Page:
Crazy Faith Ministries
The opening lines of Charles Dickens’ A Tale of Two Cities have always moved me and seem particularly apropos for where we are today …for in the span of this one week, the African American community celebrated the opening of a window for a young man named Andrew Gillum even as we mourned the loss of – but celebrated the life of – our own Aretha Franklin.
It was as though God was saying, “walk together children, don’t you get weary.” Racism is as virulent as it has ever been; we have a president who is stoking the coals of latent racism carried by far too many people in this country. Activists and organizers are working harder than they have in a long time, because all votes, but especially the Black vote, will be crucial to stem the tide of rising tyranny in this country.
The presence, the voice and the activism of Franklin is and has been a part of the spiritual underpinning of the African American community which has helped keep us believing in hope; her music has been an important part of how we experience our trauma and pain. In our quest for justice and equality, we found that we could sing or hum a line of a Franklin song and “feel like going on.”
Her passing was a crushing blow to our community. We somehow forgot that mortal life is fleeting and that we must all pass on. We want our heroes to be here forever, because they comfort us and strengthen us and remind us that there is always hope.
As we journeyed toward the day of her funeral, however, we could not quite believe how a window would be opened for us. Andrew Gillum, a young, African American man who is also the mayor of Tallahassee, Florida, had been on a journey of a different sort – toward his goal of becoming governor of a historically racist, Southern state, Florida.
Even as we listened to tunes by Franklin on the radio, we didn’t pay much attention to what was happening in Florida; many people with whom I spoke didn’t even know that a Black man was on the ballot. When returns began to come in on Tuesday evening, Gillum was on the bottom. It didn’t look good and those who were watching resigned themselves to the fact that he had at least tried something noble.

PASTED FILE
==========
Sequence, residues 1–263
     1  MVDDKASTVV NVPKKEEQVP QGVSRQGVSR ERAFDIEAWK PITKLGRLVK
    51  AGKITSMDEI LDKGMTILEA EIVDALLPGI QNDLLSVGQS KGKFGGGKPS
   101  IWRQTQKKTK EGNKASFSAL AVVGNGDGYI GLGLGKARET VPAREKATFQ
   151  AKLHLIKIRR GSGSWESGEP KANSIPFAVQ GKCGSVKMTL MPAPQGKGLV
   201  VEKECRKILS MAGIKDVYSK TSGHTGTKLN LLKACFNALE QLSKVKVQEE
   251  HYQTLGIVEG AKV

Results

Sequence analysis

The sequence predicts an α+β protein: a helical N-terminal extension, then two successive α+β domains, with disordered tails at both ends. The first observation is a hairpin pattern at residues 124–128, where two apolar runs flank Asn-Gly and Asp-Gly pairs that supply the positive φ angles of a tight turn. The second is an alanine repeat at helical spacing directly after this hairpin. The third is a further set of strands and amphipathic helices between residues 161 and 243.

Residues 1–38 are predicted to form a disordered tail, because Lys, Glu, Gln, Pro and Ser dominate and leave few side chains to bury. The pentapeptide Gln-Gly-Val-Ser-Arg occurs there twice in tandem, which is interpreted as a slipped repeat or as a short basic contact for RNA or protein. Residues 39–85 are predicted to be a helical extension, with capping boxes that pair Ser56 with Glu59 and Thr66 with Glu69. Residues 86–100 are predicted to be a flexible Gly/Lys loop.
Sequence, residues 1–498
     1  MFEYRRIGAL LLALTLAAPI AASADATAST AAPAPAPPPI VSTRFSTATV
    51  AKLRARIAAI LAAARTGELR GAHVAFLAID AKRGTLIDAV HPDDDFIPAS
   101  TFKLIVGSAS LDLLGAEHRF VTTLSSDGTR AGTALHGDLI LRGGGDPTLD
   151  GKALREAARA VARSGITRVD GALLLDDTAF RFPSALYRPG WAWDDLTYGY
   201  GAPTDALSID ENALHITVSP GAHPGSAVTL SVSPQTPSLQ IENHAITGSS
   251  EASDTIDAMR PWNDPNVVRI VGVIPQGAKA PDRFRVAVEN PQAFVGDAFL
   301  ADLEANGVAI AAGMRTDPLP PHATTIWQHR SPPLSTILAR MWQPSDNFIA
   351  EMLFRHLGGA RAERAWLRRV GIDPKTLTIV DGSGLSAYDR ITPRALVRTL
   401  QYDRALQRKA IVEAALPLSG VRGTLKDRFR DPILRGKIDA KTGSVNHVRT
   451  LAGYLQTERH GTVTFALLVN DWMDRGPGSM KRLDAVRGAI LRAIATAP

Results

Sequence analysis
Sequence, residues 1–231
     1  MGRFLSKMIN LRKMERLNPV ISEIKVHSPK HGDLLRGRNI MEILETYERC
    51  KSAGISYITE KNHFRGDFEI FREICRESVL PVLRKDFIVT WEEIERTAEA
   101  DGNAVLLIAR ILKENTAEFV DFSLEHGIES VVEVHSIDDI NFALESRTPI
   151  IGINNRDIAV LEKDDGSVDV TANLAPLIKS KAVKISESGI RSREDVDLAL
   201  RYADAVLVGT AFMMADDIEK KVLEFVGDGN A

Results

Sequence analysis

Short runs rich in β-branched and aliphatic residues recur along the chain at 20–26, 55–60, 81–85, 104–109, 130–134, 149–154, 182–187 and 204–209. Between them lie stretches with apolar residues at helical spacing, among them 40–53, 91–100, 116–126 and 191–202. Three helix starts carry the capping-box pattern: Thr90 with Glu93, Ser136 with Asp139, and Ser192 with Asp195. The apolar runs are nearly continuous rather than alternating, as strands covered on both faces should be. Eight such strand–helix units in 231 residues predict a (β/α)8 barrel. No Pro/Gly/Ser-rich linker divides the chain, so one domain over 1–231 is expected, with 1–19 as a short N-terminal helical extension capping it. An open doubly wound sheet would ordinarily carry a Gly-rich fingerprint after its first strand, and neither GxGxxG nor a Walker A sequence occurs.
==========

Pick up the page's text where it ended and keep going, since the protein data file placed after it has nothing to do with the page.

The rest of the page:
But on Wednesday morning, this country – and probably the world – was shocked. This Black man had won the Democratic primary. He would run for governor against the winner of the Republican primary, a Trump devotee named Ron DeSantis.
Someone, it seems, had said a little prayer.
It’s amazing how there are things that happen in our lives that serve to boost us up when we are way down. Dickens’ words describe how life feels – for all of us – at different times: “It was the best of times, it was the worst of times. It was the age of wisdom, it was the age of foolishness. It was the epoch of belief, it was the epoch of incredulity. It was the season of Light, it was the season of Darkness. It was the spring of hope; it was the winter of despair.”
Franklin’s passing challenged the very souls of some of us. She was supposed to live forever; her presence and her music were a part of our kente cloth to which we cling for survival. We grow attached to those who help us get through and get over, and she fell into that category. But neither she nor God acquiesced to our need for her to stay around.
Instead, as the door closed on her life, a window was opened for us to look through. The older woman was gone, and a young man was stepping up. Our sadness because of the closed door will not disappear, but the open window reminds us that genuine hope cannot be quenched. We mourn the loss of Franklin and yet we can celebrate the emergence of Andrew – all in one week.
A final note: even as the world in general and the African American community in particular mourned the loss of a cultural hero, this country mourned the loss of Republican Senator John McCain. The commencement of memorial services for both Franklin and McCain began at almost the same time on the same day. McCain was not a hero for the African American community in his politics, but both McCain and Franklin made an impact on millions of people in our sorely divided country.
It was … and it is … the best of times and the worst of times. As we say goodbye to two legends, we at least have the opportunity to welcome yet another person who is destined to make a significant mark in this country and in this world.
Rev. Dr. Susan K Smith is the founder and director of Crazy Faith Ministries. She is available for speaking. Contact her at firstname.lastname@example.org.